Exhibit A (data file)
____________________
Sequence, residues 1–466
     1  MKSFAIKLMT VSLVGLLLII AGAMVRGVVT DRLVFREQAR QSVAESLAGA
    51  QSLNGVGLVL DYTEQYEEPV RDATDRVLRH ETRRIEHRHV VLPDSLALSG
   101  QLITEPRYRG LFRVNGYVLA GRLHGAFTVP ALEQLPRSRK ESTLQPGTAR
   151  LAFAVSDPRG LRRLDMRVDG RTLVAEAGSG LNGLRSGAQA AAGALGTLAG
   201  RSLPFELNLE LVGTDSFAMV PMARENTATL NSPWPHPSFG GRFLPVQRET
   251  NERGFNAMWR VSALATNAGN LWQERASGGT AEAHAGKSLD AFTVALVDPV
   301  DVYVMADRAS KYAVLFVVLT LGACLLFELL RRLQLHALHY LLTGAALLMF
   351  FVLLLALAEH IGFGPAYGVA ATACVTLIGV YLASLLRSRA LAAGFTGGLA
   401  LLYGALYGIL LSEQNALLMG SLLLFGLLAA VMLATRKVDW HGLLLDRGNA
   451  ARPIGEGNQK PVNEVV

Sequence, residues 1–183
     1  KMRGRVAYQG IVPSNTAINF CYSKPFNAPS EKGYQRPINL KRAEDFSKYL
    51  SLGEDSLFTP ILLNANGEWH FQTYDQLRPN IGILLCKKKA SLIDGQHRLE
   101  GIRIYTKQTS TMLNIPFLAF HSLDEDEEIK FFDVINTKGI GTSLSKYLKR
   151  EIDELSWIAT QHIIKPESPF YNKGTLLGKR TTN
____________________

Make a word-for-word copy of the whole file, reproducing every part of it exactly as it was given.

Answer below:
Sequence, residues 1–466
     1  MKSFAIKLMT VSLVGLLLII AGAMVRGVVT DRLVFREQAR QSVAESLAGA
    51  QSLNGVGLVL DYTEQYEEPV RDATDRVLRH ETRRIEHRHV VLPDSLALSG
   101  QLITEPRYRG LFRVNGYVLA GRLHGAFTVP ALEQLPRSRK ESTLQPGTAR
   151  LAFAVSDPRG LRRLDMRVDG RTLVAEAGSG LNGLRSGAQA AAGALGTLAG
   201  RSLPFELNLE LVGTDSFAMV PMARENTATL NSPWPHPSFG GRFLPVQRET
   251  NERGFNAMWR VSALATNAGN LWQERASGGT AEAHAGKSLD AFTVALVDPV
   301  DVYVMADRAS KYAVLFVVLT LGACLLFELL RRLQLHALHY LLTGAALLMF
   351  FVLLLALAEH IGFGPAYGVA ATACVTLIGV YLASLLRSRA LAAGFTGGLA
   401  LLYGALYGIL LSEQNALLMG SLLLFGLLAA VMLATRKVDW HGLLLDRGNA
   451  ARPIGEGNQK PVNEVV

Sequence, residues 1–183
     1  KMRGRVAYQG IVPSNTAINF CYSKPFNAPS EKGYQRPINL KRAEDFSKYL
    51  SLGEDSLFTP ILLNANGEWH FQTYDQLRPN IGILLCKKKA SLIDGQHRLE
   101  GIRIYTKQTS TMLNIPFLAF HSLDEDEEIK FFDVINTKGI GTSLSKYLKR
   151  EIDELSWIAT QHIIKPESPF YNKGTLLGKR TTN